General gardening topics

What to do with hollyhocks after flowering?

Our site is reader supported, this means we may earn a small commission from Amazon and other affiliates when you buy through links on our site.

Alcea, more commonly known as Hollyhocks, are stunning plants with the most amazing, often tall flower spikes. In fact, my hollyhocks grew to over 2 meters tall! Let’s put it another way, nearly as tall as my giant sunflowers and if you have the single varieties of hollyhocks (as I do) you will know that the bees absolutely love them.

I like that they are easy to grow, whether you grow them from seed or just replacing them by buying new plants from your local garden centre or nursery. So, I often get asked what to do with hollyhocks after flowers and there is a couple of things to consider.

Hollyhocks flowering with tall spiked flowers

Firstly, you need to decide if you want to collect the seeds, let them self seed or you are just going to buy new plants every year. If you plan to buy new plants every year, you can just cut the flower stems back after flowering. If you want to grow them from seed you either need to let them almost go to seed and then collect the seeds or let them seed freely and then cut the flower stalks back.

Cutting hollyhocks back after flowering to promote a second flush of flowers

Hollyhocks flowering with tall spiked flowers

The first thing to note is that if you cut hollyhocks back after flowering but before they go to seed, you will often get a second flush of flowers in the late summer. Now, the flowers will not be as amazing as the first flush (on a tall stem often up to 2 meters tall) but they will give lots of flowers around the main plant that can look stunning and give some colour later in the summer as traditionally they flower from June to September.

Letting hollyhocks go to seed and collecting before they naturally disperse

Collecting hollyhock seeds

Now, this is what I tend to do as it means I can grow them in seed trays. Once the plants have gone to seed, you can collect the seeds once you can see that the old flowers pods (where the flower originally were on the stem) have turned brown and dried out.

Close up of hollyhock seeds that were ready

They will fall out of the seed pods when you lightly run your fingers over them. If the seed pod is still green, give them a little longer as they are not quite ready yet.

When to grow hollyhocks from seed

When it comes to sowing seeds you have two options, you can sow seeds in spring and they will be ready to plant out around June, but they won’t flower until the following year.

You can also sow seeds in summer and plant them out in the autumn, again these won’t flower until the following year.

How to sow hollyhock seeds

Hollyhocks are easy to grow from seed because they have a good germination rate and are large enough to handle easily. Firstly, I use a heated propagator as they (the seedlings) ideally should be kept at a temperature of around 15-20°C. You can see my recommended propagators here.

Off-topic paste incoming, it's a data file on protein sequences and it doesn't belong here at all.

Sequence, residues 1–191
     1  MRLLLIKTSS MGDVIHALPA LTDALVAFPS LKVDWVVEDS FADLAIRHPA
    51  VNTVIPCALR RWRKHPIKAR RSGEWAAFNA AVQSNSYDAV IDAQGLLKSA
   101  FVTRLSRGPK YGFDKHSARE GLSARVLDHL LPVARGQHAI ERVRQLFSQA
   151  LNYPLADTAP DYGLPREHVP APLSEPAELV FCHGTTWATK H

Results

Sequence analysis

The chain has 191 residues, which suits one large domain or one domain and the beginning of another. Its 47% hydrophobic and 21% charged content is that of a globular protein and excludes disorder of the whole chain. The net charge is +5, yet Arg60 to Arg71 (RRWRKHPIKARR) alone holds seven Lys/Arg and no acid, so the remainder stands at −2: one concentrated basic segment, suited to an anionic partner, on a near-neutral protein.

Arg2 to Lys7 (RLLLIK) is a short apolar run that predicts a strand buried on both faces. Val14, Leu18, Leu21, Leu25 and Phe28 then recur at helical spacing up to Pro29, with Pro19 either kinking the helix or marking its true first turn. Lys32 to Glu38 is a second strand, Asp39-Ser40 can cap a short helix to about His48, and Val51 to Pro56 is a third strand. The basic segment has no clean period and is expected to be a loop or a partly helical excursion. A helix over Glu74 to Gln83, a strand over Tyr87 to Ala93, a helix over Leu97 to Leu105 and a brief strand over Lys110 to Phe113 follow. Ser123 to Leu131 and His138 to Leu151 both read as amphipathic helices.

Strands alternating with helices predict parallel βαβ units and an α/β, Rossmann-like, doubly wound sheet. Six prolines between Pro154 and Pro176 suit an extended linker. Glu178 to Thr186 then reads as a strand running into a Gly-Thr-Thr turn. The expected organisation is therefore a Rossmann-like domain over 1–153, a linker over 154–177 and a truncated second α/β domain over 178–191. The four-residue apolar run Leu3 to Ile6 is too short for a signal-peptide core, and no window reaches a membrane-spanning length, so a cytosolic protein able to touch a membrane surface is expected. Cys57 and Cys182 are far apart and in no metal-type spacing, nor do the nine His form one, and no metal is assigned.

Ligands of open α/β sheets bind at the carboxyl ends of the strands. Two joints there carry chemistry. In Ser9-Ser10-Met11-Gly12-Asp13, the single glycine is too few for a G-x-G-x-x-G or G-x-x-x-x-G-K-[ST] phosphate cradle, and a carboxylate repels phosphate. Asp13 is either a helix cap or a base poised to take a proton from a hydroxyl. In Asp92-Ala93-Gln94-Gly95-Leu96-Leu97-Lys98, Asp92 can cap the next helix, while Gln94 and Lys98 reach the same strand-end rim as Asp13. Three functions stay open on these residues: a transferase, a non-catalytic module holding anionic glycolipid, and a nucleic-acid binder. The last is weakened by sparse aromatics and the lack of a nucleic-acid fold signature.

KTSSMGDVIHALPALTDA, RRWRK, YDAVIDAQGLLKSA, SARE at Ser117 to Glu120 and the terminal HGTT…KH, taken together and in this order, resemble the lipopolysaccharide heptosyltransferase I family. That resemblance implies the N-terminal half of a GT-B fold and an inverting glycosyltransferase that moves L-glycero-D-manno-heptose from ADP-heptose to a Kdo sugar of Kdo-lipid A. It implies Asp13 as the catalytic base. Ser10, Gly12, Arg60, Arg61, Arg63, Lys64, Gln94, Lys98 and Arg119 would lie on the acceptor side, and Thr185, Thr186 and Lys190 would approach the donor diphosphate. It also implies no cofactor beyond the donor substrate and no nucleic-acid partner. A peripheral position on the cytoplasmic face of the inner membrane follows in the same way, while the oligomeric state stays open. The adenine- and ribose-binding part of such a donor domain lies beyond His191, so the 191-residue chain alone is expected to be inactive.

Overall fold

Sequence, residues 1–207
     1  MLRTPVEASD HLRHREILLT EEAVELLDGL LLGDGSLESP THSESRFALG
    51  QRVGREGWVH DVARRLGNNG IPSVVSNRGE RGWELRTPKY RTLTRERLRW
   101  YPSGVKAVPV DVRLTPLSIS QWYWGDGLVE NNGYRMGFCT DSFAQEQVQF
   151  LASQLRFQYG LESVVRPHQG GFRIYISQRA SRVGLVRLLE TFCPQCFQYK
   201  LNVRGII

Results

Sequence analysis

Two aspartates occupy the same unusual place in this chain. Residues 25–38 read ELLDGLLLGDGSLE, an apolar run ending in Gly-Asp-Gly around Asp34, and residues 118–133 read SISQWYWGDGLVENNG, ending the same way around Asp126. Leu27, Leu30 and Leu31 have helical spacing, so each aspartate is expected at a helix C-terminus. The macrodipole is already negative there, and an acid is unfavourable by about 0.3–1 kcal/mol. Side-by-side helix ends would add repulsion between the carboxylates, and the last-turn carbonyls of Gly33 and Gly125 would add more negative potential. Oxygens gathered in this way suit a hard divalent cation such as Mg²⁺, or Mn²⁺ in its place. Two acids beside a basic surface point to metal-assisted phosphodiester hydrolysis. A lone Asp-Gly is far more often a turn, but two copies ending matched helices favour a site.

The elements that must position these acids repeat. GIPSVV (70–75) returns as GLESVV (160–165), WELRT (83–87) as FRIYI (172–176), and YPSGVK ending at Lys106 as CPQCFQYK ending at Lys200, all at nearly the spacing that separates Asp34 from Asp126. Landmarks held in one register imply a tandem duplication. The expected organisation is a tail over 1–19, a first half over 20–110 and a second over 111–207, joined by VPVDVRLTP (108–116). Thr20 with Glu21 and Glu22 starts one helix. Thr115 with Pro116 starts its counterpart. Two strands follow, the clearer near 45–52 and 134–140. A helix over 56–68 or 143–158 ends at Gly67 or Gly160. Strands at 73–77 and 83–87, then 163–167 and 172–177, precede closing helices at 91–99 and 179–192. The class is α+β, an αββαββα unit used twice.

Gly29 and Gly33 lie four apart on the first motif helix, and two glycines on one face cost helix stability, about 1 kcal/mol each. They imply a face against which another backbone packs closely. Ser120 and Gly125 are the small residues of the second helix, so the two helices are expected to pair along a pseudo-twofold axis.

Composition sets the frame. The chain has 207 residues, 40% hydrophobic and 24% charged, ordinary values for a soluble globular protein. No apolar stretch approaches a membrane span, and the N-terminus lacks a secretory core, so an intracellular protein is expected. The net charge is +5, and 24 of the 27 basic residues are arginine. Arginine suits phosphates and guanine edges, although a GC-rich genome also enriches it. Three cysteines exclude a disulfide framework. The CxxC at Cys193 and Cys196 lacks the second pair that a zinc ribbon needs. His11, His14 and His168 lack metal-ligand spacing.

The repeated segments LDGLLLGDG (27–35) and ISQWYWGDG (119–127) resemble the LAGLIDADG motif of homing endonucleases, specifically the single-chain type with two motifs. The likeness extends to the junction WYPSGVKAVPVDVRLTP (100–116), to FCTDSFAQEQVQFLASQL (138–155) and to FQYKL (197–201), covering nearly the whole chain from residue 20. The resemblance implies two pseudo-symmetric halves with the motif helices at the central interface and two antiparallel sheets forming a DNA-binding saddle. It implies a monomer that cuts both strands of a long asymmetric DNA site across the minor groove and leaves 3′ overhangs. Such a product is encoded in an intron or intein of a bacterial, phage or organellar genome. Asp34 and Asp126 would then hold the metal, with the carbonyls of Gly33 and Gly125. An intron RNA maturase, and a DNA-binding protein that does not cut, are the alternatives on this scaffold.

Fill a seed tray with seed compost, I like to use seed trays with separate modules/cells as it can make it easier to plant them out later, but you can use a standard seed tray. Water the compost and allow it to drain before sowing the seeds. Keep them spaced out to make pricking them out at a later date an easier process.

Put a thin layer of compost (using a sieve) on top of the seeds. They usually germinate in around 2 weeks but need growing on for a further 5 to 6 weeks until they are big enough to pot on into smaller pots.

planting hollyhocks out

If you sow seeds in spring they will usually be ready to plant out around June or July.

To learn more about growing hollyhocks from seed read my guide here

Letting hollyhocks self-seed

The final thing you can do with hollyhocks is to simply let them go to seed and disperse themselves. Once the seeds have germinated and are nice compact plants, you can then carefully lift them and replant them in their final positions and they will flower the following year. Be careful not to damage the long taproots as they usually won’t grow as well if you break the taproot.

If you have any other issues with diseases such as hollyhock rust, you can read about it here and you can read about other hollyhock diseases and how to treat them in this guide

Welcome to my site, my name is John and I have been lucky enough to work in horticultural nurseries for over 15 years in the UK. As the founder and editor as well as researcher, I have a City & Guilds Horticultural Qualifications which I proudly display on our About us page. I now work full time on this website where I review the very best gardening products and tools and write reliable gardening guides. Behind this site is an actual real person who has worked and has experience with the types of products we review as well as years of knowledge on the topics we cover from actual experience. You can reach out to me at

1 Comment

  1. ray smith

    Hello John, I’ve just read your Article on Hollyhocks. Excellent info and so easy to follow. My thanks to you. Ray S NZ

Write A Comment